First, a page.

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Yes, I've a few ornery tapes myself, and much worse. I doubt you can eliminate those ripples entirely. It's tape damage, or possibly was recorded that way in camera (the latter will be mostly irreparable, sad to say, but I've been there myself). One thing you can do is repack the tape(s). Repacking means fast-forward without playing from beginning to end, then fast rewind without playing. Do this a time or two until the packing in the takeup reel is relatively smooth and free of bumps and ridges. Let the tape rest for 24 to 48 hours. You might have to repeat the process. Repacking and resting can often allow tape's natural elasticity to repair itself.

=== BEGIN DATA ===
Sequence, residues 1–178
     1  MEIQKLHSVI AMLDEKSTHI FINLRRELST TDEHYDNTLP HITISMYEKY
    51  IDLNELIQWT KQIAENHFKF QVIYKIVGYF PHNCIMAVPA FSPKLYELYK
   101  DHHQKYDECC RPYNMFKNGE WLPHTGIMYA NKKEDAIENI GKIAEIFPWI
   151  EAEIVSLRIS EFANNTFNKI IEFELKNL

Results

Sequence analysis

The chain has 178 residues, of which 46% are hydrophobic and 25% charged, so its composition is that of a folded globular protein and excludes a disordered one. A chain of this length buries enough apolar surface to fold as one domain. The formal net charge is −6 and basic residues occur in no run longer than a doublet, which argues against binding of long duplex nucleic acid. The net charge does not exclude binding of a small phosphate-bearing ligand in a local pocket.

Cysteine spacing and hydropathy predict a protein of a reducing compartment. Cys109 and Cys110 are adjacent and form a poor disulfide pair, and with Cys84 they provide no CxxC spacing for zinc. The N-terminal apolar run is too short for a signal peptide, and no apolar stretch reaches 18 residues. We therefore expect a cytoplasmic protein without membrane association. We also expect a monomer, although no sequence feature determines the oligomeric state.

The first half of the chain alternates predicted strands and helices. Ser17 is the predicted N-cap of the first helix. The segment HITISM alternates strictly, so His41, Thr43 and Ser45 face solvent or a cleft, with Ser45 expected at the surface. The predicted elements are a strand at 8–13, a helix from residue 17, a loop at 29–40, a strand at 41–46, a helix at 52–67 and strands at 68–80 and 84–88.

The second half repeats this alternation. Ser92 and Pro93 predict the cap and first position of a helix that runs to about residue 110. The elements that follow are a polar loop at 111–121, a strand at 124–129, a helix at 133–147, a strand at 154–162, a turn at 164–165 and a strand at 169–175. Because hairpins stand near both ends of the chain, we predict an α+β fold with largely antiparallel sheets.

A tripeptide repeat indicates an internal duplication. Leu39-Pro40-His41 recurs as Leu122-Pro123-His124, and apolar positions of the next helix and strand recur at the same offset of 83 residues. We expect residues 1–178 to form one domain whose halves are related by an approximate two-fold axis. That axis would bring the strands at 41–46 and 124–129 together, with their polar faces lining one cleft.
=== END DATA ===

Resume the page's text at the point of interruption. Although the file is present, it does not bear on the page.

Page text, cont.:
Playing in a different VCR helps, too.

Meanwhile I used lordsmurf's .avs script, which has been getting some use lately so don't feel alone. The routine doesn't fix the ripples that much, but it smooths and thins them a bit. I added a few other tweaks, notably color work. The first sample has a green color cast and Rev. Jackson's hair is cyan. In sample 2 the dog is blue, ground details are grayed out, and red is blooming. Both have uneven borders and an offset image.The dog shot illustrates that the ATi 600 is clipping superblacks at y=16, as usual, but that can be worked around and you gave both captures good level control.